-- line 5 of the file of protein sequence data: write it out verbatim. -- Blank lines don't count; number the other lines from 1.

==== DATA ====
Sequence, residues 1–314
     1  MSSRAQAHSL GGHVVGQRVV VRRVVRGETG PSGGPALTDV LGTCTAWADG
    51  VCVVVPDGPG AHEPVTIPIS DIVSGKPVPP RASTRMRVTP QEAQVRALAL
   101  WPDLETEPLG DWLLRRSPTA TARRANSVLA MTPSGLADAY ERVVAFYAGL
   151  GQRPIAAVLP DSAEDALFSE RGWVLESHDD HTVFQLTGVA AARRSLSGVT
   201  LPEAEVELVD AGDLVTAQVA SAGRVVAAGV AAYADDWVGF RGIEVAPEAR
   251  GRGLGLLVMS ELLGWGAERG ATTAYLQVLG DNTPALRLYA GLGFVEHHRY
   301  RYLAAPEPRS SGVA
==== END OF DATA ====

   151  GQRPIAAVLP DSAEDALFSE RGWVLESHDD HTVFQLTGVA AARRSLSGVT